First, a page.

Collection launched: 27 Feb 2020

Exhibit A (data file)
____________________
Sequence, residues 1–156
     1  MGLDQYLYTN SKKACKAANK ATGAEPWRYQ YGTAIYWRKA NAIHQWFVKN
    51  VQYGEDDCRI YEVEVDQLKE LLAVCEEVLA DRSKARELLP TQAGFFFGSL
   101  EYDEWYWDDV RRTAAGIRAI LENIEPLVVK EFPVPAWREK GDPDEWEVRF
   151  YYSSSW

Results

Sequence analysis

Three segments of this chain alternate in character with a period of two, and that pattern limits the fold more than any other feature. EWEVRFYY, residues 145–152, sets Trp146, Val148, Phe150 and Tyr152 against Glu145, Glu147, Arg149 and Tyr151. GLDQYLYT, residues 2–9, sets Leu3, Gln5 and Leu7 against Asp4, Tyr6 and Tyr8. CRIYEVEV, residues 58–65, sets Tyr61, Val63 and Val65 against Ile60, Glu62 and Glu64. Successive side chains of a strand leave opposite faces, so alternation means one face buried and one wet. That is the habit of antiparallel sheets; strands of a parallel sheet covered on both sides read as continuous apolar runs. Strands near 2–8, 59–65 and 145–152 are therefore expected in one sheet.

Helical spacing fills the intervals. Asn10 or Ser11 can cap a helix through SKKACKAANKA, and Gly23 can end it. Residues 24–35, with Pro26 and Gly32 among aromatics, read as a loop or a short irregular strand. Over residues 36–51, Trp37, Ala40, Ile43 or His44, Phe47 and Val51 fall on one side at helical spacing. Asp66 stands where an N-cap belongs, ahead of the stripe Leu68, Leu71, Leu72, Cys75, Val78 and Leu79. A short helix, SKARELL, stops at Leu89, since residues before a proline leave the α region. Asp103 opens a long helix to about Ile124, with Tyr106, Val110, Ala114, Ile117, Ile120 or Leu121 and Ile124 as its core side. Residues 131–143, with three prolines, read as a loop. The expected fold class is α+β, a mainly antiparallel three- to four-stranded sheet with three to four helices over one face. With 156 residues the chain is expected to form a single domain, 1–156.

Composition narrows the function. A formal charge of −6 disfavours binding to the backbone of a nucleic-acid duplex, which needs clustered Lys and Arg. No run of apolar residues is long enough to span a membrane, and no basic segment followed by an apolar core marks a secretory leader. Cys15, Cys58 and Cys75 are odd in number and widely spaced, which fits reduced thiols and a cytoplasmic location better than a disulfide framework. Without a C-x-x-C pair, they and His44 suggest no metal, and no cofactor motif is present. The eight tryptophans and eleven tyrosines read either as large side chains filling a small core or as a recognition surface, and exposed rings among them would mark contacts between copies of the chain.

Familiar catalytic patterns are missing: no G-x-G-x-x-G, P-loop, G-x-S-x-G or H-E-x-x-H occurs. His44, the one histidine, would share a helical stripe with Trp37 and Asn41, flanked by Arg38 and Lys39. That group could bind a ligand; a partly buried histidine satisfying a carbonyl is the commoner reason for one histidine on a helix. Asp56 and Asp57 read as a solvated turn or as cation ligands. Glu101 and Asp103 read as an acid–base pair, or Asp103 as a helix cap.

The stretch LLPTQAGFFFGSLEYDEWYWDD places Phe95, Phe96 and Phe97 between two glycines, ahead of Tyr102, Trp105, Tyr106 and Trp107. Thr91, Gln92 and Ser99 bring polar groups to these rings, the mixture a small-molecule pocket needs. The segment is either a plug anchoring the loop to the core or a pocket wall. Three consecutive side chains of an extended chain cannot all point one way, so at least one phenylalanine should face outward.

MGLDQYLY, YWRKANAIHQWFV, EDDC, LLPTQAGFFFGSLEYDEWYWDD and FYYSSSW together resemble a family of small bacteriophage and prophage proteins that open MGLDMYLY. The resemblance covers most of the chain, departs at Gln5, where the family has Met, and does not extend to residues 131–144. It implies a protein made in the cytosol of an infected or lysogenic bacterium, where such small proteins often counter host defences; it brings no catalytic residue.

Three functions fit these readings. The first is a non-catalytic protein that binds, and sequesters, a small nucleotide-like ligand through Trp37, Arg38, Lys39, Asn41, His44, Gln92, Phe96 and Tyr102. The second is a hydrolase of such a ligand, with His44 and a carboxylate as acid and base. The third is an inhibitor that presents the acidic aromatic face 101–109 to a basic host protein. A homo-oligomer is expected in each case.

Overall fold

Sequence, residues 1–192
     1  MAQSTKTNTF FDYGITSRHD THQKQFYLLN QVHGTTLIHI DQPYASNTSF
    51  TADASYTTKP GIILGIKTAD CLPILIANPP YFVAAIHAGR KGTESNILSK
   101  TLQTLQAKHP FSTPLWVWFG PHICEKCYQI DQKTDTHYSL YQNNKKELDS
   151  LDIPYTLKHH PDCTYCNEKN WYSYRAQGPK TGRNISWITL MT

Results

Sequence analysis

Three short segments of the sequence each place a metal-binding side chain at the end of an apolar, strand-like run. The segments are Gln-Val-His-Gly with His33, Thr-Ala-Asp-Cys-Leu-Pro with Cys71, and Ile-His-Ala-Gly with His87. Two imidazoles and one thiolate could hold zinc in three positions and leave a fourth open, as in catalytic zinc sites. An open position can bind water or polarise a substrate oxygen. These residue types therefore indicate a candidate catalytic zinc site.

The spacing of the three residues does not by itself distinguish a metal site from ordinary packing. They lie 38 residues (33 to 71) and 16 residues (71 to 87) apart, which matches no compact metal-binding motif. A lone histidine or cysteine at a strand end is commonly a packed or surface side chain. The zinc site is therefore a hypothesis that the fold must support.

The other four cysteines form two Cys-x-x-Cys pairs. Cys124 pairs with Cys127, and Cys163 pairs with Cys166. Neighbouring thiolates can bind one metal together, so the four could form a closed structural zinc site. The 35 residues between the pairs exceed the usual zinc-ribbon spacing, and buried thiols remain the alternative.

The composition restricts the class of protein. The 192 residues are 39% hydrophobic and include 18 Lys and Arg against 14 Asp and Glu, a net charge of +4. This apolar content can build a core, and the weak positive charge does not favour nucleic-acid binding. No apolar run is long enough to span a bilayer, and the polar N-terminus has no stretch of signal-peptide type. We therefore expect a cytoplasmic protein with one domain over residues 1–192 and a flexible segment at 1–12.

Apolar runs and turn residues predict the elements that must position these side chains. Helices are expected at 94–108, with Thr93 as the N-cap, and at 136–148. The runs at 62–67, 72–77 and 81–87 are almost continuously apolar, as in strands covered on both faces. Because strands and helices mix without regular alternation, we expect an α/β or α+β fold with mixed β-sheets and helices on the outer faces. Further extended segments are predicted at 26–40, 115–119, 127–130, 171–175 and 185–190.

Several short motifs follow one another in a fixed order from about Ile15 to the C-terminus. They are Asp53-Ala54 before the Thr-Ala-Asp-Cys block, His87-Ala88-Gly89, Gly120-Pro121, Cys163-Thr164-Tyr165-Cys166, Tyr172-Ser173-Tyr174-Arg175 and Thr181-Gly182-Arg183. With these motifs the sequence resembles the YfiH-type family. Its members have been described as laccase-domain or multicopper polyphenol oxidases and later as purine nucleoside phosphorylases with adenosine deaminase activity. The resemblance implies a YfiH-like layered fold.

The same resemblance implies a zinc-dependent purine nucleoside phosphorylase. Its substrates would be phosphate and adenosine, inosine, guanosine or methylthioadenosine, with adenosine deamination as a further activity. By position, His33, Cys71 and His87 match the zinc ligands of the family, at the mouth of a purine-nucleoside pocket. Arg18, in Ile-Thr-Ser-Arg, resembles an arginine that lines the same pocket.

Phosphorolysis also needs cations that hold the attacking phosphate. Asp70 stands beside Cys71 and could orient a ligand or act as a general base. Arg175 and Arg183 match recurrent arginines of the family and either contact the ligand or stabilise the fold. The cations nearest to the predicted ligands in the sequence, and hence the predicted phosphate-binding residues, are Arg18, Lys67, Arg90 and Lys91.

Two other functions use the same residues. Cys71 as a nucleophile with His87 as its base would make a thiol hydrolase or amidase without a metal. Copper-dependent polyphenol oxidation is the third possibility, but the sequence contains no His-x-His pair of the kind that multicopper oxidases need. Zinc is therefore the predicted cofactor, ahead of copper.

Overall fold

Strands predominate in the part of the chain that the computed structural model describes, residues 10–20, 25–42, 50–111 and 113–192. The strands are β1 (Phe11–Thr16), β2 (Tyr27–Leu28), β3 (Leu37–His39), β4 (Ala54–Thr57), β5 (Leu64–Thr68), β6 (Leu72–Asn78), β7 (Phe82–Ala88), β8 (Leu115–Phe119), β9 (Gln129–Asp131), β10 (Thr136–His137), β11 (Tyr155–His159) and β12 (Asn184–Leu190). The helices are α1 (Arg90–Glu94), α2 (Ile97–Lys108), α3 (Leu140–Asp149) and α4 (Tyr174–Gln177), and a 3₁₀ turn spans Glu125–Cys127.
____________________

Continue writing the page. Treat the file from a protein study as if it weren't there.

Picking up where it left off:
The global distribution and exchange of microorganisms became an important component of contemporary life sciences. This movement is related to several scientific developments, among which the introduction of improved techniques for the handling and long-term maintenance of living microbiological samples (e.g. freezing, freeze-drying), and thus easier and safer shipping of samples, had a major impact. Similarly, the development of innovative methods for the isolation and cultivation of novel microbial strains, the genomics revolution, and the broader impact of globalization of research in the life sciences in general enhanced interest and cooperation in microbial research. As a result, vast amounts of plant and animal genetic material are collected and microorganisms isolated throughout the world from various habitats and sources, and exchanged in collaborative research networks for the improvement of global food security, public health and climate change mitigation. Nevertheless, the relatively frictionless exchange of biological materials within a global commons, which prevailed during the early days of modern life sciences, now seems to be reversed. More and more biological materials are enclosed behind national and privatized fences, or only accessible under very restrictive license conditions. This special collection focuses on the increasing threats to enclose the global commons in biological materials.